The Royal Ballet’s long run of Mayerling proceeds with many debuts, including that of Fumi Kaneko who will be dancing Countess Larisch for the first time on 21 October. There are many other debuts that evening when Vadim Muntagirov will be tackling Crown Prince Rudolf for the first time, Yasmine Naghdi will debut as Mary Vetseva when she replaces a pregnant Lauren Cuthbertson, and Isabella Gasparini will dance Princess Stephanie for the first time, stepping in for Meaghan Grace Hinkis. Backstage nerves for that performance will run high.
Fumi Kaneko will be dancing Mitzi Caspar in another cast, but I asked her about dancing Marie Larisch.
Fumi Kaneko: I didn’t expect to be cast as Larisch, in fact it’s a character I never imagined myself doing, so I was quite surprised. However she’s such an important character in the ballet, and also very complex. She kind of leads the story and I am enjoying this role so much more than I expected.
Larisch knows Rudolf more than anyone else. She knows all the pain he’s been through because she’s known him since he was very young.
The first dancer in this role was Merle Park – are you working on the part with her during rehearsals?
No, unfortunately, but I have my main coach, Alexander Agadzhanov, who is our senior teacher and répétiteur, and two very good coaches for this role: Zenaida Yanowsky and Laura Morera, who is actually dancing Larisch and Mary Vetsera during these performances.
You’ve mentioned two of The Royal Ballet’s finest actresses. What is your approach to interpreting a character instead of just executing steps?
I love acting on stage. When I grew up in Japan, I never knew that ballet could bring so much story or emotion. But when I came to The Royal Ballet as a company member, I was shocked that every single dancer on stage acted just like speaking – you can almost hear what they’re saying by just watching their acting. I have been with this company for more than ten years now and have seen so many ballets on stage and cried so much. I admire all these amazing ballet dancers; I’m inspired by them and want to be like them: to be a ballet dancer but also an actress.
What are the challenges in Mayerling?
The biggest is for Rudolf’s character because he has five, six women, and he has to do all the pas de deux with them. For Larisch, my dancing is not that much, so I don’t have a big pas de deux, but there is some quite tricky partnering and lifts we’ve had to work on quite a lot. And it needs to be together with telling the story. I was told that Kenneth MacMillan used the feet for speaking, so I’m trying to achieve that as well to tell the story.
So how does Larisch use her feet?
Her way of dancing is quite sexual. She wants to get Rudolf back with her. He is over her, but she’s not over him. She wants him to remember how they loved each other – though maybe she loved him more than he loved her. She’s trying to seduce him, so there’s a contrast in using the pointe work – faster and slower, and a lot of stretching the feet and legs. I use softer shoes than I would for a ballet with 32-fouettés because I need to feel the floor.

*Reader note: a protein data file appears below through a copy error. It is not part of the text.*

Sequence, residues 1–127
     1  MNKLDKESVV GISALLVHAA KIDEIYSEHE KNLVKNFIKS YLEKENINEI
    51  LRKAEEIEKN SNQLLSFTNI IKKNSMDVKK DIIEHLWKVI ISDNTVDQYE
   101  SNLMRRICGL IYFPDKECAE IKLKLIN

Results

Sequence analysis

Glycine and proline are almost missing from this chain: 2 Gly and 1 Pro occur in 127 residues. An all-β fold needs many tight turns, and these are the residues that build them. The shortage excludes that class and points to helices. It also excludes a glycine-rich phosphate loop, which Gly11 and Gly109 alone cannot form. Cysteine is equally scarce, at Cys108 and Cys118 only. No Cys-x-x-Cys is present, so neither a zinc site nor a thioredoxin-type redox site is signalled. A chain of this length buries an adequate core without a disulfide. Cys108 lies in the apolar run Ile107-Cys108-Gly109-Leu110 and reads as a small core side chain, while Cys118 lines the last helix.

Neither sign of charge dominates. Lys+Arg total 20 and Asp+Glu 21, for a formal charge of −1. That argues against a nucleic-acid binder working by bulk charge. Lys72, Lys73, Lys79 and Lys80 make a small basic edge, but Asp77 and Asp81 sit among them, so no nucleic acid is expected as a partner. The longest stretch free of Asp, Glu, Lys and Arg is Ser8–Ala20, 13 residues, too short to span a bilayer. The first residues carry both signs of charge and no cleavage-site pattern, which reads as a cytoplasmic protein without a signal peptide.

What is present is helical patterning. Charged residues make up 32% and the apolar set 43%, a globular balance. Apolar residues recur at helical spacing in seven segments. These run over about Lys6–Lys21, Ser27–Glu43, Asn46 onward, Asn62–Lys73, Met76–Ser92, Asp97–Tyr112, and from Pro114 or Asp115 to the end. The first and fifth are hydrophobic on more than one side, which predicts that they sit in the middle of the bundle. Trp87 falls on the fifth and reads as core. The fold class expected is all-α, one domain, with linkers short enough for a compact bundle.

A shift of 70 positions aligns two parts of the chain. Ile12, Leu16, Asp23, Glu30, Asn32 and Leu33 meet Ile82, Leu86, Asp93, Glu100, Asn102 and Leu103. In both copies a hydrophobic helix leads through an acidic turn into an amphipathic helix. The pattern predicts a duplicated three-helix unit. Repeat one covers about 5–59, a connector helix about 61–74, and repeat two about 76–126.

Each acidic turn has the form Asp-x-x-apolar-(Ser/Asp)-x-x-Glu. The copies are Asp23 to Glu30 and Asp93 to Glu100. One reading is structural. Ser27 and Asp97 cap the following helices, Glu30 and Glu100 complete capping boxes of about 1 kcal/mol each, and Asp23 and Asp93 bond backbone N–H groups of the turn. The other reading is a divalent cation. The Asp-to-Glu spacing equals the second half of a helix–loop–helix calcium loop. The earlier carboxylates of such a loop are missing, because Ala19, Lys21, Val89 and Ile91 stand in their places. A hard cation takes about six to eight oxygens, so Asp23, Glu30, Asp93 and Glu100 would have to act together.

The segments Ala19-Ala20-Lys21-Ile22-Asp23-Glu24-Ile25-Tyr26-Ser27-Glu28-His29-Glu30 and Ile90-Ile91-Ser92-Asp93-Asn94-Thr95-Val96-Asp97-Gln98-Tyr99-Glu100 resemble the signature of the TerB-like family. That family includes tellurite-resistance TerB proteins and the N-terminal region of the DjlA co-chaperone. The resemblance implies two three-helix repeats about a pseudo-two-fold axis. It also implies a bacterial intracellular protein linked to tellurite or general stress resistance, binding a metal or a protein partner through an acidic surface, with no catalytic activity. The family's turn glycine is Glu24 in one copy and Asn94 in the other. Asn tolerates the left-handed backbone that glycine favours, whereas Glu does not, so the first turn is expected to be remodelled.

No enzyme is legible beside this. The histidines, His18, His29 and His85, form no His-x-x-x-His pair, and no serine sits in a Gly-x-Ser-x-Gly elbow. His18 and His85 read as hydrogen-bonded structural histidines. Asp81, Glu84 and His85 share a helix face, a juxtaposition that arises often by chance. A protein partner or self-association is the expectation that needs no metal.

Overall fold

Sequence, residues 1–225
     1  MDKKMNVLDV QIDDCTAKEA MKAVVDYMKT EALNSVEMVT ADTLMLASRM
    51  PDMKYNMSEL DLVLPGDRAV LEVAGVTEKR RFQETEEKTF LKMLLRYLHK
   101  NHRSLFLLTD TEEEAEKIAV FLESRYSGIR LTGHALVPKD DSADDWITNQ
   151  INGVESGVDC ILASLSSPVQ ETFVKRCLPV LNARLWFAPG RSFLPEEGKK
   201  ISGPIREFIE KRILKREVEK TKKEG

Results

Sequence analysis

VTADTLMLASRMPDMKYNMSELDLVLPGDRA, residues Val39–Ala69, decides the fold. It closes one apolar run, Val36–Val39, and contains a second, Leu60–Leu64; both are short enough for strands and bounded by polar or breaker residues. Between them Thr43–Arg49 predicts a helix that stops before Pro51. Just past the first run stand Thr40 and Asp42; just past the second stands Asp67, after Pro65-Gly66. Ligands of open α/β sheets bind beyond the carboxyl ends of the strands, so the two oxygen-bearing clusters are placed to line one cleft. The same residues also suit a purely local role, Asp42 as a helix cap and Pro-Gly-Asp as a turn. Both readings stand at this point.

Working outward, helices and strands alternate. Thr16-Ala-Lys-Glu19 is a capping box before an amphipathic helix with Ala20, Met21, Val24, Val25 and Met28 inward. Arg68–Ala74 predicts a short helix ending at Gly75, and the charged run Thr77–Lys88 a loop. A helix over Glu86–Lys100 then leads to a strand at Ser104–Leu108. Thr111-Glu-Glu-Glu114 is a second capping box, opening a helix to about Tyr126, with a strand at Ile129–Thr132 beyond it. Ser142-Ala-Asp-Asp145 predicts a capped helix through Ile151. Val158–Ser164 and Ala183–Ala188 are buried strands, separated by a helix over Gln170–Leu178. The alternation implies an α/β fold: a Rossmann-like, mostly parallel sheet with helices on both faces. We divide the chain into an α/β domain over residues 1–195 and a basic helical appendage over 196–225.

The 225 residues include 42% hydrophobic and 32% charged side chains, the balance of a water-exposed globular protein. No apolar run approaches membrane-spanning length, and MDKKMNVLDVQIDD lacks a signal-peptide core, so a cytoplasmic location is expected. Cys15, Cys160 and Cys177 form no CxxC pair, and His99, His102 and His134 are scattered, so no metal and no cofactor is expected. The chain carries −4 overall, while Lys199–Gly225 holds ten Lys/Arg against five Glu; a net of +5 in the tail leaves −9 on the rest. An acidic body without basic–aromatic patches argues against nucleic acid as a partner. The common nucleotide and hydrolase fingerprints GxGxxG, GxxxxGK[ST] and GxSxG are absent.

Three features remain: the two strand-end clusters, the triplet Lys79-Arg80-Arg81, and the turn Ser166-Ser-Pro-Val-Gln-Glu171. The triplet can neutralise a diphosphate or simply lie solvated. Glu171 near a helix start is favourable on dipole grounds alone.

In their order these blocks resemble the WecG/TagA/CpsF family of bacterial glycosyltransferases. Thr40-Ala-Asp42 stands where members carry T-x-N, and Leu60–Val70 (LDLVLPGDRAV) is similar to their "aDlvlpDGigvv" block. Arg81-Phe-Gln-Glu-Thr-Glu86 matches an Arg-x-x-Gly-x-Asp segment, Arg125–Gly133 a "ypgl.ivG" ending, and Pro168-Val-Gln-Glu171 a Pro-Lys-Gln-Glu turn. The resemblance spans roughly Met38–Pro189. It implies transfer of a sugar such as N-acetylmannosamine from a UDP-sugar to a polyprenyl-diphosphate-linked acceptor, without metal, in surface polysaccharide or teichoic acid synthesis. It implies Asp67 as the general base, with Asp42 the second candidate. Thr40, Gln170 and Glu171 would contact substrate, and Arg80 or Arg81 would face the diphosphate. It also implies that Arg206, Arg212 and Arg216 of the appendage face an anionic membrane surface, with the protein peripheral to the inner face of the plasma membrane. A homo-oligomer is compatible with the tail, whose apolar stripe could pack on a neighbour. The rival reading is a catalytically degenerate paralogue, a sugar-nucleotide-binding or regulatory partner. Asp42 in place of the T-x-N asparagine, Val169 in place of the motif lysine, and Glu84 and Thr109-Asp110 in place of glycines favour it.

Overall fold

You don’t often dance with Vadim.
No, we don’t really dance together at The Royal Ballet, but we have done a few galas recently, especially in Italy, as you know. We’ve danced some classic ballet, and recently we did Romeo and Juliet in Cape Town, so I feel like I’m now getting to know him more and I am very comfortable working with him. Because we are both new to the ballet, we are trying to find our own way to make connections.
When you danced in Rome in January you danced the Swan Lake pas de deux coping with some very challenging costumes. In The Dante Project, wearing a unitard, there is nothing to get in the way of your dancing, but do Nicholas Georgiadis’ sumptuous costumes give you any problems?
Yes. We have to get used to dancing in the costume. Even if we can do everything in rehearsal without costumes, when you are on stage it’s hard with quick changes, hats and wigs, lights… it’s so much more than dancing. When I wore the costume for the first time we got caught up in the skirt, and I stepped on the skirt, so it’s very important to rehearse in the costume.
You were striking in The Dante project, and your Sugar Plum fairy is beautiful: both on pointe, but so different. Maybe Mayerling is somewhere in between. When are you happiest?
I grew up with classic ballet and love classical ballet. I always want to work on technique and want to find my own way to express using my whole body. These acting roles and different styles are very challenging. It was something I didn’t know I could do. I never imagined myself being Satan! [in The Dante Project] I am surprised that I can also be like that… so, yes, it’s exciting!
Fumi Kaneko will dance the role of Countess Marie Larisch on 21 October and 11 November 2023 at the Royal Opera House
Graham Spicer is a writer, director and photographer in Milan, blogging (under the name ‘Gramilano’) about dance, opera, music and photography for people “who are a bit like me and like some of the things I like”. He was a regular columnist for Opera Now magazine and wrote for the BBC until transferring to Italy.
His scribblings have appeared in various publications from Woman’s Weekly to Gay Times, and he wrote the ‘Danza in Italia’ column for Dancing Times magazine.